On Tuesday, Parliament was adjourned for the sixth time. So far, the winter session has been a washout. And it will surprise few if more days are lost to agitation in the two houses. Outside, Anna Hazare is threatening a fast again. Both in and outside Parliament, the government faces agitation on a slew of issues ranging from black money to foreign direct investment (FDI) in retail to the demand for an “effective” Lokpal.
To a foreign observer, it will appear that India is fast turning into an ungovernable country. This impression can be excused. The fact, however, is that the country’s politicians—across the political spectrum—are a desperate lot.
Consider the opposition first. Its behaviour is clearly irresponsible. Cornering the government on any number of issues is not only the right of the opposition, but also its duty. That is how parliamentary democracy is supposed to function. But it is strange that these parties have created a deadlock in the very institution that is designed to allow them maximum space.
Opposition members protesting against FDI in retail in the Lok Sabha (PTI)
The ruling coalition—the United Progressive Alliance (UPA)—suffers from another problem: either it is out of touch with political realities in the country or it could not care less. Both are worrisome. Take the decision on liberalizing FDI in retail. It was taken two days after the winter session commenced on the 22nd of this month. There was turmoil in Parliament right from the start of this session. Clearly, from a tactical perspective, the government made an error in taking a policy decision of this magnitude, one that in hindsight was expected to lead to a great deal of friction.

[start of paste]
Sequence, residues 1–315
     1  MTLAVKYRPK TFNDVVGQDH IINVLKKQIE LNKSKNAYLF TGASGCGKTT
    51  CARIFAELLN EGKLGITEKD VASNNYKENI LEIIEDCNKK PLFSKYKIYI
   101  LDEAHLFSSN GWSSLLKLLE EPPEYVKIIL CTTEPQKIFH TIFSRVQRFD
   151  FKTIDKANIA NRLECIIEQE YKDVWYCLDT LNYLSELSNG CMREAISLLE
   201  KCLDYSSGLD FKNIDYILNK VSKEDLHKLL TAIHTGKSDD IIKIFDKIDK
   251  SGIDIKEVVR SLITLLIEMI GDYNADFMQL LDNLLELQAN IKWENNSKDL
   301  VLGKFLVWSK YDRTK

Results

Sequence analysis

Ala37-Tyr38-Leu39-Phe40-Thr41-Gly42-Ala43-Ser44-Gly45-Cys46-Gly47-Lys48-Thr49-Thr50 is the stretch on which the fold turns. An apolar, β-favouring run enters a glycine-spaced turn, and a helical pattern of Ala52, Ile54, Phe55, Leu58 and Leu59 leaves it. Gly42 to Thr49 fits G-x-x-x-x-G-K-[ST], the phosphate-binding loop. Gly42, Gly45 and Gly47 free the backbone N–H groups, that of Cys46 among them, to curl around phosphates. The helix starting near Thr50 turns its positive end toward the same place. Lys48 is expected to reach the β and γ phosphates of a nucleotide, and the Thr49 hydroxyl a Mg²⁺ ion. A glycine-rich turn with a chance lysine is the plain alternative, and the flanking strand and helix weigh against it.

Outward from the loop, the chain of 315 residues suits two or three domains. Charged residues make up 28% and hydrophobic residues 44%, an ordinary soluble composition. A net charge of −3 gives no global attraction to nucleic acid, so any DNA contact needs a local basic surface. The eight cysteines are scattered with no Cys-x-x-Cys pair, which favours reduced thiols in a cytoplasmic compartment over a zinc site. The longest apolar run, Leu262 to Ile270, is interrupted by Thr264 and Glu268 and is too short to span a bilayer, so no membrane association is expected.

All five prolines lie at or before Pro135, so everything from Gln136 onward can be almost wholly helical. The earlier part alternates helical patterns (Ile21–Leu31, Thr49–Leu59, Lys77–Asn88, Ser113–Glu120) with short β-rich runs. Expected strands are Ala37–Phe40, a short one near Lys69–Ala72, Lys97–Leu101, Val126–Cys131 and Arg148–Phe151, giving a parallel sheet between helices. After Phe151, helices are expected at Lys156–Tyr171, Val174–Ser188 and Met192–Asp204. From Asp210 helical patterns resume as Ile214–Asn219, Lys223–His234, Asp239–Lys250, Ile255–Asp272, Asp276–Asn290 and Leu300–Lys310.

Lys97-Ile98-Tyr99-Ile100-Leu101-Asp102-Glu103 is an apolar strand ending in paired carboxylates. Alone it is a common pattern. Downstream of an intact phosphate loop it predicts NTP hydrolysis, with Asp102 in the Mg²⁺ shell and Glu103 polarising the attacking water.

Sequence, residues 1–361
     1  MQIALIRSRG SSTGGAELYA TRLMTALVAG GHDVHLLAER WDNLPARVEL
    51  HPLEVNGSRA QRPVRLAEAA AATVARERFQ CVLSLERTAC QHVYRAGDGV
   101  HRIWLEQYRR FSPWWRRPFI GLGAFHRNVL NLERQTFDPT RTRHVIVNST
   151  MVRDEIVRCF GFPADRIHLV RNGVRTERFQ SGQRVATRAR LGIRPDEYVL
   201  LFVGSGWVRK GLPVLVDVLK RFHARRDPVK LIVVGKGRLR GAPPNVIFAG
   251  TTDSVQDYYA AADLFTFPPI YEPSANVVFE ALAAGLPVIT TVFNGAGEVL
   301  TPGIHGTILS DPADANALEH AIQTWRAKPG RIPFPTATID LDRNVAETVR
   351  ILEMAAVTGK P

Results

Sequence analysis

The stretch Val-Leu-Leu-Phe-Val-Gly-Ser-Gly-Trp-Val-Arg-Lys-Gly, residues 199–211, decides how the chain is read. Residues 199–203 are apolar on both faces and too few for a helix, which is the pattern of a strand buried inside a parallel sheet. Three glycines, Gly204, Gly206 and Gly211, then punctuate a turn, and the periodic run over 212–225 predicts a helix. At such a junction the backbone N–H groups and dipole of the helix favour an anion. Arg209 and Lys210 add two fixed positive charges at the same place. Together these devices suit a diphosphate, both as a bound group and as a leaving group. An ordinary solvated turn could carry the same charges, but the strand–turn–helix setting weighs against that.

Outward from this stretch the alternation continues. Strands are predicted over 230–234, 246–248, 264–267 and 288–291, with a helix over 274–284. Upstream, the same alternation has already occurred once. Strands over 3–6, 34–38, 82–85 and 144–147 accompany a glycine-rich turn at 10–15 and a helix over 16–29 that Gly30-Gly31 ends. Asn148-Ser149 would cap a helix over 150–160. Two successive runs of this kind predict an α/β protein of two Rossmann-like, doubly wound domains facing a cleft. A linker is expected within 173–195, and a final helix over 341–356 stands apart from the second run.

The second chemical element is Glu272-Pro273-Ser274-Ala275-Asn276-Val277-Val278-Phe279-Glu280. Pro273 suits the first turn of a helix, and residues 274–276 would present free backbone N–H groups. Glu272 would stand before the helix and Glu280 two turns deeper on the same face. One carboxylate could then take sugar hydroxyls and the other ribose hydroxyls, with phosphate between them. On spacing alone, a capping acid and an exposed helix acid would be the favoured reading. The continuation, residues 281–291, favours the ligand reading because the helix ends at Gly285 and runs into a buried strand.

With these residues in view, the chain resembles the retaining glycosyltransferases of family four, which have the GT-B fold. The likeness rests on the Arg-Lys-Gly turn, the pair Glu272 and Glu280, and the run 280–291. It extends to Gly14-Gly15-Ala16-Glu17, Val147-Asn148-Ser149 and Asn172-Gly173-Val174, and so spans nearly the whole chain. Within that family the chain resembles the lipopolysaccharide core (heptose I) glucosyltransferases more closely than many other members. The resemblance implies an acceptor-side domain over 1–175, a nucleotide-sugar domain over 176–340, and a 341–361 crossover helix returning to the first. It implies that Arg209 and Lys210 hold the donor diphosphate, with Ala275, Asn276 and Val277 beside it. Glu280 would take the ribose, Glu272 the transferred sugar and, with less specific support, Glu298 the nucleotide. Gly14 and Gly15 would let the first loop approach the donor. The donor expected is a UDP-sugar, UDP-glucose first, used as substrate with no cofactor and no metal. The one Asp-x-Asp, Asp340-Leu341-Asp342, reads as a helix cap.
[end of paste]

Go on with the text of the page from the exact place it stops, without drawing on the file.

The problem is not that suddenly the country—citizens and leaders—has become an unruly place. The issue is the politicization of almost every aspect of policymaking and the economy. In a fiercely competitive political system, it leads to relatively simple—even technical—issues turning into political problems. From the bailout of airline companies to raising FDI limits to the right fiscal and monetary policy mix, everything becomes fair game for politics.
For this, the UPA is to be blamed. It has, over the past two-three years, if not earlier, politicized decision-making to a great deal. That is at the root of the current mess.
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